The Kansas City Chiefs are Super Bowl contenders one again, and the trade deadline has come and gone. For any contender, there is definitely an urge to make moves to continue improving your chances. For the second year in a row, however, the Chiefs were not buyers at the trade deadline.
The Chiefs made one move at the trade deadline, sending DeAndre Washington and a seventh-round pick to the Miami Dolphins for a sixth-round pick.
There wasn’t a ton of action at the trade deadline this year with only role-players being traded during the last few days leading up to the trade deadline. Teams like the Baltimore Ravens and New Orleans Saints, other Super Bowl contenders, did make moves at the trade deadline, however... So why didn’t the Chiefs?
The Chiefs had plenty of reasons to hold steady, with the biggest reason being that there were simply not great players to trade for. Last year there was a ton of buzz around cornerback Jalen Ramsey being traded and the Chiefs had an apparent need at the position, so the fit made sense all around. Ramsey instead went to the Los Angeles Rams, and after that, there were some solid role players the Chiefs could have looked at, such as Janoris Jenkins.
In 2020 there were fewer quality players available. Of the players actually traded, only a few would have been on the Chiefs' radar.
Linebacker Kwon Alexander was one of the players that would have been interesting for the Chiefs due to his skillset. He is a good coverage linebacker, which is definitely something the Chiefs need, but they have Willie Gay Jr. on the roster to fill that need if the Chiefs feel like he could take some of Ben Niemann's snaps.
Markus Golden and Carlos Dunlap would’ve been interesting additions at defensive end if the Chiefs were worried about the injuries and depth at the position. Both players could’ve been good rotational guys at a cheap cost, but it seems like the Chiefs were never interested.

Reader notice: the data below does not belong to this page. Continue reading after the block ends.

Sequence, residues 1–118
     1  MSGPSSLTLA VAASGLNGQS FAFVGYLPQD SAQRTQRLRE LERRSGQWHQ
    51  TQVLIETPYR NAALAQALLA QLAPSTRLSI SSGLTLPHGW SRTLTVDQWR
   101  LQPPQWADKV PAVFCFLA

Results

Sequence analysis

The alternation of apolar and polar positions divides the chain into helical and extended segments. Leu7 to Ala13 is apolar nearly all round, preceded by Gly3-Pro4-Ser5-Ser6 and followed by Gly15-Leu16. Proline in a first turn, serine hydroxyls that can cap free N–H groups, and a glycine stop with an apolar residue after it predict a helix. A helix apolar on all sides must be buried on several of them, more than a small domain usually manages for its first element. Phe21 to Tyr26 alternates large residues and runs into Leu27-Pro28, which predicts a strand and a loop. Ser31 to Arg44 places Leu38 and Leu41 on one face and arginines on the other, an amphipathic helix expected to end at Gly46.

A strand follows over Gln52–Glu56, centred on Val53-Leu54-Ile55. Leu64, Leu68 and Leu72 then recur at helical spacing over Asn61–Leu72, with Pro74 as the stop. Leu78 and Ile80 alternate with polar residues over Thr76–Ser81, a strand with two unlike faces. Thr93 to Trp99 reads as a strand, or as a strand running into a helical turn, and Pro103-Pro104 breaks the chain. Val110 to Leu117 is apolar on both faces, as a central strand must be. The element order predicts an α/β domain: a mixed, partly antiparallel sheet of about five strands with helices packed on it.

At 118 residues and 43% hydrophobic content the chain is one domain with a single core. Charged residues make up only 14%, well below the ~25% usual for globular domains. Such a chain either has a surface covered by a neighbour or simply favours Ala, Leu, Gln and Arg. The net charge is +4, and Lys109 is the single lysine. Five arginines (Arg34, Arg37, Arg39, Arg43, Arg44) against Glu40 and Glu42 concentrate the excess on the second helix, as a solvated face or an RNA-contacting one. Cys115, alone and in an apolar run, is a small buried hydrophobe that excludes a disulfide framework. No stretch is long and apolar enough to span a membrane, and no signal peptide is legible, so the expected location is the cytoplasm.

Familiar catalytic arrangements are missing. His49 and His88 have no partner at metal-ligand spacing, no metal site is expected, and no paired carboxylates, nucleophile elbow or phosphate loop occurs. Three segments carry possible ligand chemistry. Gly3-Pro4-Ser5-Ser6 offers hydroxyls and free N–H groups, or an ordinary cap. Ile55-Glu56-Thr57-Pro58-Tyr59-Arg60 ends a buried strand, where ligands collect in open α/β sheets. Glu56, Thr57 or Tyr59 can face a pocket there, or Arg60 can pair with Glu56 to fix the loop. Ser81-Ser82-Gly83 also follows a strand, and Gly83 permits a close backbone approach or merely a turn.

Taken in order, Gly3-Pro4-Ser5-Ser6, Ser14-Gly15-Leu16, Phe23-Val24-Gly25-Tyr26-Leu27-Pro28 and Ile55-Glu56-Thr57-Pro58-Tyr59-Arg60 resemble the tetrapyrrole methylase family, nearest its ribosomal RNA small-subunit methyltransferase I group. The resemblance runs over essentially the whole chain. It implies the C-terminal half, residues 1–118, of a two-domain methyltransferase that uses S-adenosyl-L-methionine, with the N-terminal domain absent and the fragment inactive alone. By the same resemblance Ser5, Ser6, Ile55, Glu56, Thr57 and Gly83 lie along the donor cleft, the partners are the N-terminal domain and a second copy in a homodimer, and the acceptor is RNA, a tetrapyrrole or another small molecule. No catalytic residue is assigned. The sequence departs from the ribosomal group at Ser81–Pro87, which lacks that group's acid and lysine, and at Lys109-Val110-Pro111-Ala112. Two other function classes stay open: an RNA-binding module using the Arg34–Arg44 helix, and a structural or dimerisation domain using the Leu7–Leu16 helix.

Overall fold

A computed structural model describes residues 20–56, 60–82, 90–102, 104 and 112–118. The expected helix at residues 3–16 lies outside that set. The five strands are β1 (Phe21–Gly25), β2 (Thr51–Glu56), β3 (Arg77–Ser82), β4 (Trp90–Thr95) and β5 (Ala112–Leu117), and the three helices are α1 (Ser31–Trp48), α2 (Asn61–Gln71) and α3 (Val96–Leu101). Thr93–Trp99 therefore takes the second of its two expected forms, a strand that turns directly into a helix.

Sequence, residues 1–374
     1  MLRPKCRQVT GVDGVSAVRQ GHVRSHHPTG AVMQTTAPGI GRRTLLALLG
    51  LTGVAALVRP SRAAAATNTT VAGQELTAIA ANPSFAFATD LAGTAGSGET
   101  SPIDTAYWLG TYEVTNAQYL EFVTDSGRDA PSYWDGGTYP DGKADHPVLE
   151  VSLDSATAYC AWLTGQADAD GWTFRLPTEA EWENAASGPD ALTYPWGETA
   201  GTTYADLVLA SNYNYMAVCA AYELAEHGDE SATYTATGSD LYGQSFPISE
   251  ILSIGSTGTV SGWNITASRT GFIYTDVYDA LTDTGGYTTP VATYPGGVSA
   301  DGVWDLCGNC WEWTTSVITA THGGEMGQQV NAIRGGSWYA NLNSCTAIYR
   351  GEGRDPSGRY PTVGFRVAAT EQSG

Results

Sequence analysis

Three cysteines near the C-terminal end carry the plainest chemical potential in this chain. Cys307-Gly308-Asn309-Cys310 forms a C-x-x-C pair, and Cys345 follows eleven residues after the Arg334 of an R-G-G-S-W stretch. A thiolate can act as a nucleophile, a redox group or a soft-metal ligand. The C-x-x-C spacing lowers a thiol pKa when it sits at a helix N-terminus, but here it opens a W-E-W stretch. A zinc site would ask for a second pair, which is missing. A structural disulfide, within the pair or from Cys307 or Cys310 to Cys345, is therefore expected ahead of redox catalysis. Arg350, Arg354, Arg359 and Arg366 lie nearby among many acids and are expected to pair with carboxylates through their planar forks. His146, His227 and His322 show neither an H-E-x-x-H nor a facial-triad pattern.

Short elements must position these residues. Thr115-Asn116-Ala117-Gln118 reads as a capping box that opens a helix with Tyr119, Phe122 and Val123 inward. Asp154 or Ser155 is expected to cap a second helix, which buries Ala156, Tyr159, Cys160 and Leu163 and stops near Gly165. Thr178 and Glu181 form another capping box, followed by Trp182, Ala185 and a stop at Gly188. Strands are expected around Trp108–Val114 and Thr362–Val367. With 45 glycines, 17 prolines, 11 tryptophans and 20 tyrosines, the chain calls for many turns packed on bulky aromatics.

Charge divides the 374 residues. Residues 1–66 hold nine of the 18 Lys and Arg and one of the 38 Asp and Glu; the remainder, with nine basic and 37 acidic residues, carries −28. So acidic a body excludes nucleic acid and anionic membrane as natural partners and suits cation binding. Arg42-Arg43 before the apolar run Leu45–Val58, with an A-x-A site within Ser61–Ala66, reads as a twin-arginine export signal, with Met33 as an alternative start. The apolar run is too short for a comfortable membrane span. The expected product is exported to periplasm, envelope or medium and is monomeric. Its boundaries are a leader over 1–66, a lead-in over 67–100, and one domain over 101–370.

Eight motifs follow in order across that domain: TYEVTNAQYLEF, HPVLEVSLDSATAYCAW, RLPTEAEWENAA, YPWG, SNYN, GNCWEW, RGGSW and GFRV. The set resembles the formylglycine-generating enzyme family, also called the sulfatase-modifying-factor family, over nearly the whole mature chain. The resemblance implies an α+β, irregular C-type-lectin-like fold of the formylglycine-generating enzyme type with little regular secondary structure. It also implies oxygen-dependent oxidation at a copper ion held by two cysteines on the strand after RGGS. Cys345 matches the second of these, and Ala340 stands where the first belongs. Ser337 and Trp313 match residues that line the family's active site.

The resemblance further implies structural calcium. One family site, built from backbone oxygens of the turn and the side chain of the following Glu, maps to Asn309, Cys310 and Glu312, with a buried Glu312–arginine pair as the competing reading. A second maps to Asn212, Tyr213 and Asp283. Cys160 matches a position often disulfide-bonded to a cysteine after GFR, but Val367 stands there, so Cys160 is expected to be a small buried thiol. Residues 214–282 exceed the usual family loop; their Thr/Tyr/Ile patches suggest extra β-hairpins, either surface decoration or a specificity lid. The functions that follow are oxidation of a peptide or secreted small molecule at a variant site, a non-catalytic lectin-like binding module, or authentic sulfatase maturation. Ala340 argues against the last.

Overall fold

Desmond King would’ve been an interesting addition to the cornerback room. King seemed to be in the dog house with Los Angeles Chargers head coach Anthony Lynn and was an All-Pro two years ago. The issue with King, and with many of the other prospective trade deadline trades for the Chiefs, is that adding him was not a need.
Along with the fact the pool of players available in 2020 was weak, the Chiefs' needs in 2020 just weren’t that dire. In 2019, the Chiefs linebackers were a train wreck and their cornerback room was shallow.
The linebackers are playing better and have a talented rookie in the mix. The cornerbacks are deeper, have more experience, and have a talented rookie of their own. The only position group where it would have made some sense to give up draft capital was along the interior of the offensive line. However, we saw zero interior offensive linemen traded at the deadline and had no reports that any quality interior offensive lineman were on the block. It’s hard to say that any interior lineman were even available for the Chiefs to inquire about.
There is one more stark difference between 2019 and 2020 now that led to the Chiefs' trade deadline being unsurprisingly quiet, and that is Patrick Mahomes’ new contract and the reality of the Chiefs' future salary cap.
While Mahomes’ new contract is definitely team-friendly, his salary cap hits do climb up substantially in the near future. The Chiefs are getting closer to a reality where Mahomes is no longer making ~$5 million per year and instead is making ~$35 million per year. This jump in salary for Mahomes isn’t the end of the Chiefs and their talented roster, but it does need to be planned for. That plan really ramps up in the 2021 offseason.
The Chiefs need to start acquiring a decent number of great, young players soon. The 2020 draft seems like a good start so far, but the momentum needs to keep going. In the near future, expensive veterans like Tyrann Mathieu could walk due to salary cap restrictions and the numbers not working out for an extension. The reason for this is that Mahomes, Chris Jones, and Travis Kelce’s new extensions really squeeze the salary cap the Chiefs will have in 2021 and 2022. The best way to get ahead of the salary cap is draft well and infuse your roster with cheap, young talent to complement the bigger deals.
How does this relate to the trade deadline? Well, the main capital to give up for teams buying at the deadline is draft picks. With the draft picks the Chiefs hold now being more important than ever, the Chiefs would need to get good value on a player to give up draft picks, considering the future of the team's potential salary restrictions. The one trade the Chiefs made shows that they understand that getting more draft capital is paramount for the future.